The drugs and homeless service Merchants Quay Ireland has called for the Government to help plan meeting the needs of new and existing clients after Covid-19.

The service is reporting an increase in the number of clients reporting mental health difficulties since restrictions were put in place.

In the first of two reports, Social Affairs and Religion Correspondent Ailbhe Conneely examines the impact of Covid-19 on homeless services in the capital.

Rebecca had "a slip" in recent weeks. She let someone inject her. It was the first time she used a needle.

"I'm after getting a big abscess on my arm and it's all swollen, so I came here to get an antibiotic because I didn't know much about it," she said.

Rebecca is standing outside Merchants Quay Drugs and Homeless Centre, which looks out over the River Liffey on the quays in Dublin.

The service is not running as normal in order to meet Government guidelines.

Weeks into the Government's Covid-19 restrictions, Rebecca feels lonely and lost.

"I miss it a lot and I'd say there are thousands (of others) as well," she says.

"You could just come here for a cup of tea and something to eat during the day if you couldn't afford it. It's open for people anytime. They'd never close the door."

The door remains open, but not fully.

Access to the building is limited to clients who are in crisis or need to see the public health nurse or the mental health team.

The social aspect of staff and clients meeting in the social area is gone.

Basic facilities, such as accessing a shower, are also difficult because of the layout of the building.

Merchant's Quay

Food is still available as hot meals and sandwiches are distributed to those in need throughout the day, but it's fragmented, according to Nurse Marguerite Kilduff.

Marguerite speaks quickly, aware that there is a queue of people waiting on the street outside to see her.

"It was a one-stop shop. They came here for hours, a cup of tea or whatever it was needed, but now it's difficult for them, it's very stressful for them," she says.

The clients "don't really know what's going on", so it has to be explained.

"They weren't aware of what was going on in Italy. We knew if we didn't implement the restrictions properly it was not going to work out well for everyone," she says.

'The lost souls of the pandemic'

The levels of anxiety among the client group has grown.

People are presenting with suicidal ideation and self-harm, according to Sarah Scully, who is a mental health care assistant.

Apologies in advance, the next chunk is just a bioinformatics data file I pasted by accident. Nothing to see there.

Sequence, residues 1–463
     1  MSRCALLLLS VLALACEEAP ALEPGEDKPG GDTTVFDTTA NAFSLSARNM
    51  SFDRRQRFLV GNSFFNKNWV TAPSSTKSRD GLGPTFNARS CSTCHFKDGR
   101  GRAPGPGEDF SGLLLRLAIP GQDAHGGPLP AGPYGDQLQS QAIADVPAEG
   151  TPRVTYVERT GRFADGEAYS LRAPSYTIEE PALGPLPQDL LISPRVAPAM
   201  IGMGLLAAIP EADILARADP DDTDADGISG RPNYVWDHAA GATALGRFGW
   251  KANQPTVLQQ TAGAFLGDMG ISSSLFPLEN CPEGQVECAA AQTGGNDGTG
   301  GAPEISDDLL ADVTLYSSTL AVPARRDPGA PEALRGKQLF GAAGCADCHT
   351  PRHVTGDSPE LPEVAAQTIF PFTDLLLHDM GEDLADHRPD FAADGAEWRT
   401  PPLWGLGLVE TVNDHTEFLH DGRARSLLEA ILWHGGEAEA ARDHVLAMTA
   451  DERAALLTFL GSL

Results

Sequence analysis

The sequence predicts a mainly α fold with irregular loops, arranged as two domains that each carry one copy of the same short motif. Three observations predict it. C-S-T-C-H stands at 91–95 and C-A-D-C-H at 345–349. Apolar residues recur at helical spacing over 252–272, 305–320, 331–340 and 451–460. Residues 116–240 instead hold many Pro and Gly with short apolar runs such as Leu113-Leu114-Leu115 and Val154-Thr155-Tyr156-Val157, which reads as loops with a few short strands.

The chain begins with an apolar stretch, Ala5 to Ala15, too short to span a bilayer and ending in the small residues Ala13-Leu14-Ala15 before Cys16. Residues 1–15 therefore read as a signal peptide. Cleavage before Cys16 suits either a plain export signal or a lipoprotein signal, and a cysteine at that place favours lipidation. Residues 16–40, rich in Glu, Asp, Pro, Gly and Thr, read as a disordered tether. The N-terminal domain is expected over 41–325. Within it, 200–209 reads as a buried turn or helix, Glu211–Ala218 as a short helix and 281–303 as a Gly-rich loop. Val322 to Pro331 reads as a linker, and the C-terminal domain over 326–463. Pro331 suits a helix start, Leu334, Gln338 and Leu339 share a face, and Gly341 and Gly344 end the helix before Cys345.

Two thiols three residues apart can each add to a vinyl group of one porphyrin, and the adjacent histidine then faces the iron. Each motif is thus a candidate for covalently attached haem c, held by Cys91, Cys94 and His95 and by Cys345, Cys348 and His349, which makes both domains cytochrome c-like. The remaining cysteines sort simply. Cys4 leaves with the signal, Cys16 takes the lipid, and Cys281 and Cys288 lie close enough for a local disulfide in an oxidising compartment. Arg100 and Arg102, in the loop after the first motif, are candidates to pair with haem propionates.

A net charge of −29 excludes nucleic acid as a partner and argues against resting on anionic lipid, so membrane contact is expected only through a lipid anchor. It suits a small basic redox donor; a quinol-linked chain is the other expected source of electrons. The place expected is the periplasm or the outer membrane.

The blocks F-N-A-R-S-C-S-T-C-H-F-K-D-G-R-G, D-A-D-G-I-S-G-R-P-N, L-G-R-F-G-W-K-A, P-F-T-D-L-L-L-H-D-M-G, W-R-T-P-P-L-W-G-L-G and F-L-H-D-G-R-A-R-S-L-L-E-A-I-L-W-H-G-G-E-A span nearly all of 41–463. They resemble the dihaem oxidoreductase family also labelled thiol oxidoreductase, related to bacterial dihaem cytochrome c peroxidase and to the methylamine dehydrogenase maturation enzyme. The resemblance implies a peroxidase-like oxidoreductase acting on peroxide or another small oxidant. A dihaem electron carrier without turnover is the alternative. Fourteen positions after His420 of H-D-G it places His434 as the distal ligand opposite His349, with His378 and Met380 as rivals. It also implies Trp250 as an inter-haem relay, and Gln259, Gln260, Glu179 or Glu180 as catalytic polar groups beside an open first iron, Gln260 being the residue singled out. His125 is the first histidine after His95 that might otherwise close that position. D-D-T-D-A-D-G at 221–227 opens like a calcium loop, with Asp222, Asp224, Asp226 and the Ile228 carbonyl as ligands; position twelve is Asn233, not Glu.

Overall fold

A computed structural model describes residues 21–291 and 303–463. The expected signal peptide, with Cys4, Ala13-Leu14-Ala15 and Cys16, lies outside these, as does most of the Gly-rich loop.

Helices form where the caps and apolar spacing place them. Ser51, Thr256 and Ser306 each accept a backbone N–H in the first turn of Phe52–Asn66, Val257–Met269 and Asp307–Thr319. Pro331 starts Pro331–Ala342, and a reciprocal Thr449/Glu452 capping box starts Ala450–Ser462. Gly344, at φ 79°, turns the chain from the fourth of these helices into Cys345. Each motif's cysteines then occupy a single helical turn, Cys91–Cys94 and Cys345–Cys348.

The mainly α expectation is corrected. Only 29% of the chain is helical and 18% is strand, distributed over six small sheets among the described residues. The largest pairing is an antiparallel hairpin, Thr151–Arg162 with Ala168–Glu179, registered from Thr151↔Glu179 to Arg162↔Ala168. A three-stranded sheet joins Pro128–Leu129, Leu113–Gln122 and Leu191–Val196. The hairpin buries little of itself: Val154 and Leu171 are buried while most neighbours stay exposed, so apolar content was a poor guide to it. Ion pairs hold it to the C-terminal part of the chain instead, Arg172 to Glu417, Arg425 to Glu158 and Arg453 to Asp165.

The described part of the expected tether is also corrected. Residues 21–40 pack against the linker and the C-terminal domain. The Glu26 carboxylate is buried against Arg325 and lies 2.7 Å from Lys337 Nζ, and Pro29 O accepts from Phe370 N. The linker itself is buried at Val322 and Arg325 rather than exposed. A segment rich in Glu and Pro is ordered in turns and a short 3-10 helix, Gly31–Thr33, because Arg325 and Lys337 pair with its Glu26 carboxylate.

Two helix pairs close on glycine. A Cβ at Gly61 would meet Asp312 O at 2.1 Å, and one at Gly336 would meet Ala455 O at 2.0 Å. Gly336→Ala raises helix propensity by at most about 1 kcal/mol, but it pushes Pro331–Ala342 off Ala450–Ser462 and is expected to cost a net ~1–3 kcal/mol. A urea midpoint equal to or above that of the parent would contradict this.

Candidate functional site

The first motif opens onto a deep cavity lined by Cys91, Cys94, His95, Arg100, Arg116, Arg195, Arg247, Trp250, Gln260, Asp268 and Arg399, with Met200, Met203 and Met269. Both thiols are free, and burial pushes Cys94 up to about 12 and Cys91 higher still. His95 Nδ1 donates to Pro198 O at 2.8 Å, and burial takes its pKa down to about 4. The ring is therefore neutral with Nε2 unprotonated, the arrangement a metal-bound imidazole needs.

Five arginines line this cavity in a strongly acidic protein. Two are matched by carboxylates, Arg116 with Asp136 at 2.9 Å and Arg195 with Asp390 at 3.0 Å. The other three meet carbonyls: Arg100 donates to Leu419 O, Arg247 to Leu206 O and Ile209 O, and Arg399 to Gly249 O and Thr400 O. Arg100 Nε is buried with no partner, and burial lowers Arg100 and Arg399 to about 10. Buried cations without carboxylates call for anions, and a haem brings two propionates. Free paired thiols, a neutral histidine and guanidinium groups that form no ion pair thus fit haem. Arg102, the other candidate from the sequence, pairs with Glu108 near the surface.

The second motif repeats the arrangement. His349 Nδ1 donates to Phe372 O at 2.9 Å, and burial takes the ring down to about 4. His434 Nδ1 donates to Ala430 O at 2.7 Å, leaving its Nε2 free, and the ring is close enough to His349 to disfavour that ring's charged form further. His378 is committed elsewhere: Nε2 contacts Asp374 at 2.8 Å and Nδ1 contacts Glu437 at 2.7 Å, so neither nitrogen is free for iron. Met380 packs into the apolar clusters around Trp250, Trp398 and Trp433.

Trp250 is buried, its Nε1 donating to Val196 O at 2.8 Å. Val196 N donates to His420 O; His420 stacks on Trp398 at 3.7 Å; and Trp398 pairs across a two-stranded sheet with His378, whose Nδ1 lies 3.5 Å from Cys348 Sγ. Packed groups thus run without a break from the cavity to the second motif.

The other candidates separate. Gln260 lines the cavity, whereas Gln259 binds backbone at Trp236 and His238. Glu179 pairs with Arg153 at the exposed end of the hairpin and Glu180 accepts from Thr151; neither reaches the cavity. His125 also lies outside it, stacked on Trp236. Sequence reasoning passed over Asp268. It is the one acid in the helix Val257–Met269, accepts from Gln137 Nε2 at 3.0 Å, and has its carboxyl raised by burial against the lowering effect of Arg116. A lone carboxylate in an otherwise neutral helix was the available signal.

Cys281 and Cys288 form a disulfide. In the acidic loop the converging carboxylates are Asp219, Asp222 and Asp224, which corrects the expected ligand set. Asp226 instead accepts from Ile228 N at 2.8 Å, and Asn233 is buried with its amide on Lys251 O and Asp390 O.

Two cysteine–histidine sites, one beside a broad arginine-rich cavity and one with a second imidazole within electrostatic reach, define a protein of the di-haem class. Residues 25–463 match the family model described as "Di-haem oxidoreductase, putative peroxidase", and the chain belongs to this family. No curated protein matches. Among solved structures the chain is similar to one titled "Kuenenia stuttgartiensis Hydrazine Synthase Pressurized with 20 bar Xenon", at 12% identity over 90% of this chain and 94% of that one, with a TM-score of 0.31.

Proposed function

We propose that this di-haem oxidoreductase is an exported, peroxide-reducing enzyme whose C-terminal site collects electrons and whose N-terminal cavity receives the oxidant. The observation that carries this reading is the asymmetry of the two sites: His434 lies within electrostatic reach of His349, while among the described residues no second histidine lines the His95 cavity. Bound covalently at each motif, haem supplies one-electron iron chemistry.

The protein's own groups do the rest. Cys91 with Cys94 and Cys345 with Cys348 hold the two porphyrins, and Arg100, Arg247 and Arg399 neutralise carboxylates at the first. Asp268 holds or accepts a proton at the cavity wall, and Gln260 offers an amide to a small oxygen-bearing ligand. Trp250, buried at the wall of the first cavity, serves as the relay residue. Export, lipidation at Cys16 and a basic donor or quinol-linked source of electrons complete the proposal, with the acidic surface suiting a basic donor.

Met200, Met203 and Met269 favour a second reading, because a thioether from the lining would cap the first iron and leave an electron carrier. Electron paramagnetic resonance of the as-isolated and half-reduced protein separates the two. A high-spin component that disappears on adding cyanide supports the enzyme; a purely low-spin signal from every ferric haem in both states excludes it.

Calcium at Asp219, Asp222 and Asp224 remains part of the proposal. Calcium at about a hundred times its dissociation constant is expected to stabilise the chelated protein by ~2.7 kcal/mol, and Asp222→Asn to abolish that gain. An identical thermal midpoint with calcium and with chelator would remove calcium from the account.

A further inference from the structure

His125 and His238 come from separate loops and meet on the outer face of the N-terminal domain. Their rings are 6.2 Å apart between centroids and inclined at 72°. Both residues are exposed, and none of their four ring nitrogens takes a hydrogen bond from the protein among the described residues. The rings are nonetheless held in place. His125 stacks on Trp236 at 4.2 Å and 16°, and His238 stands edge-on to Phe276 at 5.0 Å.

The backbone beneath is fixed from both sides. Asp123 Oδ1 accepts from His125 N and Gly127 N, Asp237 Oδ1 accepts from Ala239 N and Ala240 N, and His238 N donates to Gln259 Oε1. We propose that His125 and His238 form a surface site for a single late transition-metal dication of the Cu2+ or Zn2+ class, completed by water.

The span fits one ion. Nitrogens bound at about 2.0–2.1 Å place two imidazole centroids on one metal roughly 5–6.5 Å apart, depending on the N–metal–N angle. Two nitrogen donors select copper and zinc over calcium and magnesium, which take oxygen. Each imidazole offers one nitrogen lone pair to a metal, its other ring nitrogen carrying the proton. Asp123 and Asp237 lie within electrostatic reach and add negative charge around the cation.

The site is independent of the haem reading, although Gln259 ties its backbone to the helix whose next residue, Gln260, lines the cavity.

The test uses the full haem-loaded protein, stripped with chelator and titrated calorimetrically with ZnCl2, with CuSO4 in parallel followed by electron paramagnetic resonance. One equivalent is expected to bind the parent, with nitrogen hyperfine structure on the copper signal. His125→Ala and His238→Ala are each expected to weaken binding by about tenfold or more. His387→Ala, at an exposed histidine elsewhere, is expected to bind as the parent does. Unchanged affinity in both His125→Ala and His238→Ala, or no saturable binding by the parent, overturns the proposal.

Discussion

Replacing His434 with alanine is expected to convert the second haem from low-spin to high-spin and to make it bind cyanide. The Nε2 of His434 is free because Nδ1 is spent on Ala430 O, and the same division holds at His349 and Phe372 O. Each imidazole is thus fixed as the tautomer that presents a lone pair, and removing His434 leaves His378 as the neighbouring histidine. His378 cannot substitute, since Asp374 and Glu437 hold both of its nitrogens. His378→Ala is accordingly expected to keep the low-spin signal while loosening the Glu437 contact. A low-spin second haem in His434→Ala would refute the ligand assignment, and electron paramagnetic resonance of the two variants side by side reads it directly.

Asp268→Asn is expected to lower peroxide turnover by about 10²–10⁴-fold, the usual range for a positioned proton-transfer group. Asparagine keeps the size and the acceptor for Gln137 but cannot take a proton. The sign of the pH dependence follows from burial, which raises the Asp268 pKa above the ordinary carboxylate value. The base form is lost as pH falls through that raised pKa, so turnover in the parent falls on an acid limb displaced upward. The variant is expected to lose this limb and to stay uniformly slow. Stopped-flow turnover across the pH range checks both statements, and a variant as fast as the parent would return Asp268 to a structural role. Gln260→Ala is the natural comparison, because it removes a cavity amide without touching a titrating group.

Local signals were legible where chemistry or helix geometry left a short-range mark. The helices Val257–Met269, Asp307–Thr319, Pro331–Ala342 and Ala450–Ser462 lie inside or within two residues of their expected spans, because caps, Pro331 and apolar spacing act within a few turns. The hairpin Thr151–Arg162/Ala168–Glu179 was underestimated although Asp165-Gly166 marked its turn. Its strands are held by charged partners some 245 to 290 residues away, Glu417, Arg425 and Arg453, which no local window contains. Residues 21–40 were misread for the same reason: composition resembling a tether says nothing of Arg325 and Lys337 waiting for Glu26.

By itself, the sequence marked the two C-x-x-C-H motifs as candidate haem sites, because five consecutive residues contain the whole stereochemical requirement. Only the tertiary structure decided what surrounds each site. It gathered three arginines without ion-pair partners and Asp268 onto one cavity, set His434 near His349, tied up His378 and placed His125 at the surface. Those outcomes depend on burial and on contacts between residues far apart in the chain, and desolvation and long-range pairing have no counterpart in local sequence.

"When you are experiencing homelessness, addiction and mental health issues, you're already feeling isolated and marginalised in society. With everything going on with Covid-19 and the new measures, it's exacerbating the feelings of loneliness and we're seeing that among our clients," she says. 

Staff in Merchants Quay describe their homeless clients as "the lost souls of the pandemic".

When the streets emptied in March, they were the only ones left.

Christine who is queuing outside to see Marguerite describes it as a "ghost town".

She doesn't know if her friends are alive until she sees them on the streets.

Around the back of the building, the needle exchange is functioning as normal.

It is where clients can access methadone treatments.

There has also been an increase in the number of them trained to administer Naloxone, which is used when someone overdoses. 

It sounds grim to people who may not be aware of how the needle exchange works, but it's necessary and it's working, according to CEO Paula Byrne.

She is eager for a plan to meet the needs of new and existing clients after restrictions are lifted and predicts that an economic downturn will result in new clients.

"It's been manic for everyone to reconfigure the services and meet the needs of clients, but our focus is looking at the next three months," she says.

Ms Byrne points out that Merchants Quay can't do it alone.

She suggests that a taskforce be set up to plan for coming out of the pandemic, just as there was going into it.

"I know the Minister for Health is anxious to have some engagement with addiction services so we can plan," she said.

"I just think we all need to collaborate to meet the needs of the clients given the changes we've had to make to services."